Republic of Lies: American conspiracy theorists and their surprising rise to power

by Anna Merlan

Penguin, £14.99

My favourite of the many and varied conspiracy theorists cited in Anna Merlan's Cook's tour of the wild and wacky, has to be our own David Icke. This former BBC sports reporter has a vast and loyal following for what must be the most high concept conspiracy theory since Satanism.

The world is run, he claims, by a tightly-knit group of “reptilian entities” - the Queen Mother was one – who've been collaborating with Rothschild Jewish bankers and climate scientists, to set up a global green dictatorship and enslave humanity. He's published 20 books, and made lucrative career travelling the world delivering lectures on his bizarre passion.

Ickism is so bonkers you wonder how anyone could believe it. But his is a portmanteau conspiracy theory, drawing together a raft of diverse conspiracies, already widespread on the internet, which Merlan explores in this entertaining taxonomy if toxic ideas. Anti-vaxxers, Ufologists, antisemites, evangelicals, Deep State truthers, climate change and holocaust deniers can all find confirmation in his gnomic utterances. Icke is a one-stop shop for the paranoid and the mildly deranged.

The Protocols of the Elders of Zion, a fabricated blueprint for Jewish world-domination that dates from late 19th Century Russia, gets mashed with other conspiracies involving the Illuminati, the Bilderberg Group, the Club of Rome, the CIA, Mi6, and curiously, the London School of Economics. These are all controlled by an entity called the Babylonian Brotherhood, who work on behalf of the lizards in a parallel dimension.

He is not alone in making a good living out of conspiracy. Alex Jones, the shouty vlogger of the alt right website Infowars, doesn't buy the lizards, but he's signed up to most of the rest of the paranoid agenda. His source conspiracy is the Deep State – a bureaucratic/corporate entity at the heart of government, which is secretly controlling our affairs on behalf of remote banking elites. 9/11 was a staged event, a “false flag”. School shootings, like Sandy Hook, are also faked by the government, Jones supporters believe, in order to discredit the Second Amendment and force Americans to give up their guns. Hillary Clinton is a murderer who rapes children. Oh and here's a really great range of health products for you and your family...

You could be forgiven for thinking that conspiracy theories are really part of the entertainment industry, the product of internet hucksters and snake oil salesmen. But of course they’re no joke. A lot of people believe that government is a conspiracy against the people – we find echoes of it among Brexit supporters in the UK.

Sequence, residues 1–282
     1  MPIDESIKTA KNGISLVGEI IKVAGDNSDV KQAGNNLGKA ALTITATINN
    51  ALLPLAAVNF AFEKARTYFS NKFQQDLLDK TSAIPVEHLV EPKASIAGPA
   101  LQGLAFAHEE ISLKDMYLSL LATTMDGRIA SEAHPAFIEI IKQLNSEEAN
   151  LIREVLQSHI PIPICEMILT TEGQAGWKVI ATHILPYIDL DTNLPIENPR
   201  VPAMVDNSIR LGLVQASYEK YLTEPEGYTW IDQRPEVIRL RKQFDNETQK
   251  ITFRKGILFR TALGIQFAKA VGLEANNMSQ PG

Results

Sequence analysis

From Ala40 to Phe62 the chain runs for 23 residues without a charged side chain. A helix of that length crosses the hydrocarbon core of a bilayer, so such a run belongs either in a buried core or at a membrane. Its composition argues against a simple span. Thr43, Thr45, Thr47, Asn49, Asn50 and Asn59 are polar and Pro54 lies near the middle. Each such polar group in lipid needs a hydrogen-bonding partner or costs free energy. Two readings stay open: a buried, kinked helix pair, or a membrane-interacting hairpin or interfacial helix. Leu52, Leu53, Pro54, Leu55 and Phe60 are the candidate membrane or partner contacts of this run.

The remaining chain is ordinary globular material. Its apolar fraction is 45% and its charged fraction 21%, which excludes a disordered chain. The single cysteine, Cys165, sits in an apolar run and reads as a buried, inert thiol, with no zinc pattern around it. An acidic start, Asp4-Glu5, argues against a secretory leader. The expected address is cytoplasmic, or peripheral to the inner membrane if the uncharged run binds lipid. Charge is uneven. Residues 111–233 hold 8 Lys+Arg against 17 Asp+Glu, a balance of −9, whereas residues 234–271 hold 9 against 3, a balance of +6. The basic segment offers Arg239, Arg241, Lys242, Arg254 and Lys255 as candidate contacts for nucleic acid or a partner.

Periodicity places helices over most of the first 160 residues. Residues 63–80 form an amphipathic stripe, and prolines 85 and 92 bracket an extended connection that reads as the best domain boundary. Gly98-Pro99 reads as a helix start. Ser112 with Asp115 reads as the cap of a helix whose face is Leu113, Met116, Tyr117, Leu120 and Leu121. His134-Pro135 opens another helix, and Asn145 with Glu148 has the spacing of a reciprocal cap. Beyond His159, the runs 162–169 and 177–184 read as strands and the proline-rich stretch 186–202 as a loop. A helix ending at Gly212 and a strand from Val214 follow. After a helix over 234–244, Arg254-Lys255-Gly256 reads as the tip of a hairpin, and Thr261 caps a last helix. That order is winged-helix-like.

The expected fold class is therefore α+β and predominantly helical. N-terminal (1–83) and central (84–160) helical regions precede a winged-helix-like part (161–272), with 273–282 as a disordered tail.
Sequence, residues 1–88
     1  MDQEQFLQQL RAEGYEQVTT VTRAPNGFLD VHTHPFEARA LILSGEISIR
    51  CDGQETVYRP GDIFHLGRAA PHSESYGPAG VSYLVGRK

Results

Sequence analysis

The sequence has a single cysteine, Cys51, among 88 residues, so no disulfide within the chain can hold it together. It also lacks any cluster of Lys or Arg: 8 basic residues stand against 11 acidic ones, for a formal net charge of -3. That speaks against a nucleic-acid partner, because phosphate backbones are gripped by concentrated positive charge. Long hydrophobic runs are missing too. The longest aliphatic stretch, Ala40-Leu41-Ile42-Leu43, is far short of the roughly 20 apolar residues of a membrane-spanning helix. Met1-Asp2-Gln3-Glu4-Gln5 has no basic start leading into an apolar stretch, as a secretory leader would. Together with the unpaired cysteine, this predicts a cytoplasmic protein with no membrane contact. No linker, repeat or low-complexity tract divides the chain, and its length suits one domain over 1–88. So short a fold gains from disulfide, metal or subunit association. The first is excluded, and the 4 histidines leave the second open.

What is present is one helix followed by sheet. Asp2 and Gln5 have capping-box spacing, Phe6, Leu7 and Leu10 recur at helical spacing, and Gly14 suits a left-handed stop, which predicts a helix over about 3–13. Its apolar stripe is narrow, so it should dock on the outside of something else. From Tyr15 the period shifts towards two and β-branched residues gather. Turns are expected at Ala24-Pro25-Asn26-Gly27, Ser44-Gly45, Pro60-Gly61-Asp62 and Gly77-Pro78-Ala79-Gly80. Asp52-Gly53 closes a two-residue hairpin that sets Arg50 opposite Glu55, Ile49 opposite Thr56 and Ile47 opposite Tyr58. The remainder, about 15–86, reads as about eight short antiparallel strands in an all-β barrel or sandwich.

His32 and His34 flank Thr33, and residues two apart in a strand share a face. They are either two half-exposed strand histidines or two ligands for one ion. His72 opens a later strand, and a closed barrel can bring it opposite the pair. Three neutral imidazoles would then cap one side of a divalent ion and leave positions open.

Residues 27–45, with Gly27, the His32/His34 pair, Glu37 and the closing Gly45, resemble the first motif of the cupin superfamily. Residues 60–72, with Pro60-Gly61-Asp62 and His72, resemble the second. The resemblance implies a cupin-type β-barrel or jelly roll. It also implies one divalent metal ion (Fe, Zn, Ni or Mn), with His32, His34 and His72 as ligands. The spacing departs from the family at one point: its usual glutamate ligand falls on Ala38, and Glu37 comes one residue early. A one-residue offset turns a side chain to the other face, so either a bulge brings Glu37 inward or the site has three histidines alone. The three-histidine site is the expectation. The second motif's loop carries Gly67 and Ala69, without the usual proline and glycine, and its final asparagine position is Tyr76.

The anti-vaxxer theory that the MMR vaccine causes autism, launched by discredited medical researcher, Andrew Wakefield, in a Lancet article in1998, has led to the spread of a potentially deadly disease: measles. One of Alex Jones's pet conspiracy theories, that Hillary Clinton was at the centre of a paedophile network that operated from a chain of pizza restaurants, led to one “truther" turning up at a Washington branch of Planet Ping Pong armed with automatic weapons.

Most of us associate conspiracy with the far right, with white supremacists, the Ku Klux Klan and Russian trolls. But conspiracy theories, according to Maran, are deeply rooted in the African American community, and not just among the Nation of Islam extremists. She quotes Barack Obama's own one-time preacher, Reverend Jeremiah Wright, accusing the government of “inventing the HIV virus as a means of genocide against people of color”. She says that rap music, “the black CNN”, perpetuates many racial conspiracies, including claims that the flu vaccine is is a means of controlling black people.

Historically, antisemitic and Deep State conspiracies have undoubtedly been the preserve of the right. But Maran, a socialist feminist, has the intellectual honesty to include the liberal left in her demonology of the paranoid. Indeed, she compares the CNN presenter, Rachel Maddow, and the prolific British blogger, Seth Abram, to conspiracists like Alex Jones, in their enthusiasm to believe that Donald Trump was a Russian agent. “The Russia frenzy”, she writes, “produced rhetoric that replicated that on the conspiratorial far right, with conspiracy stars to espouse it”.

Merlan thinks that these ideas fulfil a very deep need among many of us to believe that our lives are controlled by shadowy elites. The internet has dragged these paranoid delusions into the public realm. “Social media, she says.” has created the world's most efficient vehicle of delivery of conspiracy theories...a lightning fast way to spread blame, doubt, enmity and politically expedient rumour-mongering.”.

That is true. Though I'm not entirely convinced that conspiracists like Alex Jones have “risen to power” as the title of her book claims. She concludes with an appeal to “better education in science and media literacy” along with a fairer society. But I think there is a simpler explanation for the persistence of weird theories. As the marketing pundit, Seth Godin, puts it, “facts are boring”.